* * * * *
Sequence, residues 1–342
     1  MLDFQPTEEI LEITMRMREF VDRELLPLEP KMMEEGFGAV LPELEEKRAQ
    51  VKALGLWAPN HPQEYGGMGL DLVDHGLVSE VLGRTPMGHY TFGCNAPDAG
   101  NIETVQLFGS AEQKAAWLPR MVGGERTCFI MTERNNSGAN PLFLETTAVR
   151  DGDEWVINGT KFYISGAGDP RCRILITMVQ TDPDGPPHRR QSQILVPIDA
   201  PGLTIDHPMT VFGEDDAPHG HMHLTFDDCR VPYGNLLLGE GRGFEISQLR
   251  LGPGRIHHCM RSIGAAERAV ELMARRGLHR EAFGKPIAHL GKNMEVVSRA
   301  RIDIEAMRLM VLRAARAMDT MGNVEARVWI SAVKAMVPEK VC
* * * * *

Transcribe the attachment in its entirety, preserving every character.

Sequence, residues 1–342
     1  MLDFQPTEEI LEITMRMREF VDRELLPLEP KMMEEGFGAV LPELEEKRAQ
    51  VKALGLWAPN HPQEYGGMGL DLVDHGLVSE VLGRTPMGHY TFGCNAPDAG
   101  NIETVQLFGS AEQKAAWLPR MVGGERTCFI MTERNNSGAN PLFLETTAVR
   151  DGDEWVINGT KFYISGAGDP RCRILITMVQ TDPDGPPHRR QSQILVPIDA
   201  PGLTIDHPMT VFGEDDAPHG HMHLTFDDCR VPYGNLLLGE GRGFEISQLR
   251  LGPGRIHHCM RSIGAAERAV ELMARRGLHR EAFGKPIAHL GKNMEVVSRA
   301  RIDIEAMRLM VLRAARAMDT MGNVEARVWI SAVKAMVPEK VC